05/09/2018 11:12 EDT | Updated 05/09/2018 11:17 EDT

Sidewalk Toronto Has Yet To Give Us A Reason To Trust Its Smart City Experiment

We need a hard discussion about data, surveillance and infrastructure. But we aren't getting much more than urban planning platitudes and jargon.

As the year-long "extensive public engagement" program for the smart city project known as Sidewalk Toronto hits the halfway point, nothing about the project is clear.

Smart city buzzwords bring no trust or confidence in 2018

Last week, Sidewalk Labs and Waterfront Toronto hosted their second public meeting. Sidewalk Toronto is the name of the joint venture they have created to build a new community from the internet up on a 12-acre piece of land on Toronto's eastern waterfront, a neighbourhood known as Quayside. The project has been framed as an experiment from day one: a chance to explore new opportunities and technologies including driverless cars, sustainable building materials and a new energy grid.

Sidewalk Labs
Concept art highlighting amenities at Sidewalk Labs' proposed smart city development.

Experimenting with the public systems that support human life in a democratic society is not, however, a task to undertake lightly, and demands immense transparency of process.

As the two project leads Waterfront Toronto (a tri-partite government agency) and Sidewalk Labs (sister company to Google) have said, the idea is to create a plan together in consultation with the residents of Toronto for a smart city neighbourhood built from the Internet up — a data-driven neighbourhood and an innovation hub bursting with economic development potential. But the degree to which no one at Sidewalk Labs or Waterfront Toronto appears to know what is going on with the project is alarming. There is no clarity on the business model, nor any specifics on the products and services proposed, which is out of step with the extensive proposal that Sidewalk Labs submitted to win the bid.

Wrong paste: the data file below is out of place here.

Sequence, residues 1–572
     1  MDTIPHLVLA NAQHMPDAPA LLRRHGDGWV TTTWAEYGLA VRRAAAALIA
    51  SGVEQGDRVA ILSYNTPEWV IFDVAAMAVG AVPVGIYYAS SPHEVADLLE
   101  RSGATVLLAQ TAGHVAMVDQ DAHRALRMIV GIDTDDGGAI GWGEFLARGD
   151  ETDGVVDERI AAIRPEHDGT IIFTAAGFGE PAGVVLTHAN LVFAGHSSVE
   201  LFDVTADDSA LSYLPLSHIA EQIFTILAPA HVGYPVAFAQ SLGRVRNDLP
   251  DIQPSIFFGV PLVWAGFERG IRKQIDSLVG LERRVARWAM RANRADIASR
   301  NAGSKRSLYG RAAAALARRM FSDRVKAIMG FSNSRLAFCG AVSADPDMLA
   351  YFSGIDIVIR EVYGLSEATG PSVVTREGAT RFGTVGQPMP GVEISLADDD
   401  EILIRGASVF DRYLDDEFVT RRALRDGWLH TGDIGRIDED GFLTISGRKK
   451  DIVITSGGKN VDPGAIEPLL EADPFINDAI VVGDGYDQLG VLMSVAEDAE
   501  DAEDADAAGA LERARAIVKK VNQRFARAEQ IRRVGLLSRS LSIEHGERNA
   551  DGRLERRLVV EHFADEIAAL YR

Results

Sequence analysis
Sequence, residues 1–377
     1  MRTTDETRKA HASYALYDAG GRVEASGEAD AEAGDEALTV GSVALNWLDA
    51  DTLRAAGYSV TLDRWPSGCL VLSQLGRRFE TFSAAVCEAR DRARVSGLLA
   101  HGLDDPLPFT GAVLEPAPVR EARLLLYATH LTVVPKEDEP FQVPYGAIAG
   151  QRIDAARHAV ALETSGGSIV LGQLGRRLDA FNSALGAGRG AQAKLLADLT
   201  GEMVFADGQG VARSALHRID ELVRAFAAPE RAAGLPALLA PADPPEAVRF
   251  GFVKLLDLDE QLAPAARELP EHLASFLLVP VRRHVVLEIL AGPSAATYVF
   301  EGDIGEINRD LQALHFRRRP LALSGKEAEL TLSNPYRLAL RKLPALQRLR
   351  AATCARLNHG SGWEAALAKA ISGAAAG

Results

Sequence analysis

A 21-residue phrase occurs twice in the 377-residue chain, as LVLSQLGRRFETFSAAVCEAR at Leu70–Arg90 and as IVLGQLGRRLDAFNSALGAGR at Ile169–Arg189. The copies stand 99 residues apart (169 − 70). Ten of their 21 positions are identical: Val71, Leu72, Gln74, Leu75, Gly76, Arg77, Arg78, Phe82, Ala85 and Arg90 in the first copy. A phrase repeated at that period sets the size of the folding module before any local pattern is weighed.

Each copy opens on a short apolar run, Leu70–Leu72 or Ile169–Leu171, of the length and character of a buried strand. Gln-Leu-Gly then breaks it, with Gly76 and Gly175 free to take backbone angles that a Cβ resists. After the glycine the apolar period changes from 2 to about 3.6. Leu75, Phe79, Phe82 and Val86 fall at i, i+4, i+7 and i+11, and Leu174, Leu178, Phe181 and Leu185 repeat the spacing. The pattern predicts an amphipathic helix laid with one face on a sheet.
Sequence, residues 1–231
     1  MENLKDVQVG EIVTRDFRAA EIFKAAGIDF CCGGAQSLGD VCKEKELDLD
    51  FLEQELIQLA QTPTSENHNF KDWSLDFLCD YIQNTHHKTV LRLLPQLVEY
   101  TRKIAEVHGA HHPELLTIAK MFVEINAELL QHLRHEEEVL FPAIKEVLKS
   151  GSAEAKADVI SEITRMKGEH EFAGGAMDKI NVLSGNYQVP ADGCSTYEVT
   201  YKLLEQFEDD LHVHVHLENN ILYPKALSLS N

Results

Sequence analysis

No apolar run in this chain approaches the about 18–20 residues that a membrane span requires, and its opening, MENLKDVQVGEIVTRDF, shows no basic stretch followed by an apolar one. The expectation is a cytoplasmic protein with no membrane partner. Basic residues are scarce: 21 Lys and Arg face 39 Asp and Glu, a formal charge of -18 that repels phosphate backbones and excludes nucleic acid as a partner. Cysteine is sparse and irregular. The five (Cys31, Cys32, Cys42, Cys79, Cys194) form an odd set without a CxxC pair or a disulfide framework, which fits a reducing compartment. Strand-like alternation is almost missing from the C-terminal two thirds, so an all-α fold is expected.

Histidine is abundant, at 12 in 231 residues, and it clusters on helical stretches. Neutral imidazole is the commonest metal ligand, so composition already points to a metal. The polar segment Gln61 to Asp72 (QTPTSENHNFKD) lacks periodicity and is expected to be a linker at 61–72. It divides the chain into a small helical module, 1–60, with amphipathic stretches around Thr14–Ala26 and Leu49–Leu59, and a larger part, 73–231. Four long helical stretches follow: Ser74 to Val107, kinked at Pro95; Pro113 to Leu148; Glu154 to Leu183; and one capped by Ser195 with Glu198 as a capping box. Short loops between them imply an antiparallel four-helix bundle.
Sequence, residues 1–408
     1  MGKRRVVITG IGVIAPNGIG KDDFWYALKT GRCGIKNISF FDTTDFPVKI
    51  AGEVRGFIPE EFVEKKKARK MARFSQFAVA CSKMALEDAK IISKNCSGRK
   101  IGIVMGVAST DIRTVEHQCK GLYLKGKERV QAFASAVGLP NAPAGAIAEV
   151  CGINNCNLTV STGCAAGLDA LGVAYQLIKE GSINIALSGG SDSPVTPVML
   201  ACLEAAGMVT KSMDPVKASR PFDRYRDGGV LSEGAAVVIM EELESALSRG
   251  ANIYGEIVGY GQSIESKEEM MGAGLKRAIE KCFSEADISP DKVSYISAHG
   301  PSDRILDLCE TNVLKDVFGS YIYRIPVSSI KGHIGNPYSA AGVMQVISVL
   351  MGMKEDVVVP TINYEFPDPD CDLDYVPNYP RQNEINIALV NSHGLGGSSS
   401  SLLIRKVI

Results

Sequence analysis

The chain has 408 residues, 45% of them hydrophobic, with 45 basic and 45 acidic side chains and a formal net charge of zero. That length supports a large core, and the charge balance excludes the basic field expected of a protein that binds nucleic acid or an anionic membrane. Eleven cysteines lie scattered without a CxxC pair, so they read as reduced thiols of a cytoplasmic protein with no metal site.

We aren't getting much more than general urban planning platitudes and jargon.

One would think we'd know what Sidewalk Labs' plan is by now. We should at least be engaged in an intensive public education campaign on hard topics such as data literacy, privacy as a public good, data and digital infrastructure and data ownership and access. But we aren't getting much more than general urban planning platitudes and jargon.

Meanwhile, Infrastructure Canada has a Smart City Challenge currently underway. A range of Canadian cities, towns, and regions have recently submitted their bids to compete for $50 million dollars in federal funding for their smart city plans. These plans are due to become public in mid-May, which will provide tangible inputs for discussion and public engagement on the hard topics that need attention — data literacy, privacy as a public good, data and digital infrastructure and ownership, and so on.

It's telling that public sector employees across Canada were able to coordinate within large and strained work environments to put pen to paper and submit smart city plans for entire municipalities, yet a vendor and a government agency with $50 million committed to the idea can't do the same for a 12-acre plot of land.

David Cooper via Getty Images
Toronto's portlands, where Sidewalk Labs has proposed its smart city project.

Permissionless innovation